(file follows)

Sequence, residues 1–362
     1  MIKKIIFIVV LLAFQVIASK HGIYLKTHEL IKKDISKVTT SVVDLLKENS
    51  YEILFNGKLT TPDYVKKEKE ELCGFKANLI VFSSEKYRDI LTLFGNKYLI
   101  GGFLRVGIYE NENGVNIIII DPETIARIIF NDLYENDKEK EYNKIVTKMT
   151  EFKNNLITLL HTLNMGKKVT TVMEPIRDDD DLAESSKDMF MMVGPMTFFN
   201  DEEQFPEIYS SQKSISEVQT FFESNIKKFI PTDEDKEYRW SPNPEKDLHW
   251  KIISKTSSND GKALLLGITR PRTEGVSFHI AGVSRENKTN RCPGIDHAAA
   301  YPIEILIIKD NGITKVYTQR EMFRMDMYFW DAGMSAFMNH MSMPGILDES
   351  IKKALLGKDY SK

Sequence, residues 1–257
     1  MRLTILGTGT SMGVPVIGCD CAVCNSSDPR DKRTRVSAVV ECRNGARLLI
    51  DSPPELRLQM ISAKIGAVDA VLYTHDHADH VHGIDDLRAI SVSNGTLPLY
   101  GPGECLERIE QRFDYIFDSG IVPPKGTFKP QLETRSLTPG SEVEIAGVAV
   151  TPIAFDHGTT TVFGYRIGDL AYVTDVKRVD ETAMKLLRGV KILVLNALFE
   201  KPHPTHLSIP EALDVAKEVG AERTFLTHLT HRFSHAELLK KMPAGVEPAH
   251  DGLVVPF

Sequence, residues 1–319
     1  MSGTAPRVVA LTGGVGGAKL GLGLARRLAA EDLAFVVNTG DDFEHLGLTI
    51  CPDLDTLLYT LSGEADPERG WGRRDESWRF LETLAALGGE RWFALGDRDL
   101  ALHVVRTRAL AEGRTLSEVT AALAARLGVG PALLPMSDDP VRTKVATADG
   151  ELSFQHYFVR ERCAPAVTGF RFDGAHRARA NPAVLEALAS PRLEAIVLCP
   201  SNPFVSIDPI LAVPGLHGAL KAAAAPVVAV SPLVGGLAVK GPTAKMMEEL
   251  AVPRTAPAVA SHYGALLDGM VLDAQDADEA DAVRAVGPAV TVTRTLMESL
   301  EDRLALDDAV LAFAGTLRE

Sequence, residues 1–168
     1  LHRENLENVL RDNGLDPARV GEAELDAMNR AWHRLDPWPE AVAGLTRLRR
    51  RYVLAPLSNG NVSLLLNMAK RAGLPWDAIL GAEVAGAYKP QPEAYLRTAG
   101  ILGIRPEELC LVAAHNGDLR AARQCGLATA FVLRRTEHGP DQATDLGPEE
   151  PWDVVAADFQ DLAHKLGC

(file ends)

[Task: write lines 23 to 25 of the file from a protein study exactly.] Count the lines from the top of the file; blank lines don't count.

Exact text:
   251  AVPRTAPAVA SHYGALLDGM VLDAQDADEA DAVRAVGPAV TVTRTLMESL
   301  EDRLALDDAV LAFAGTLRE

Sequence, residues 1–168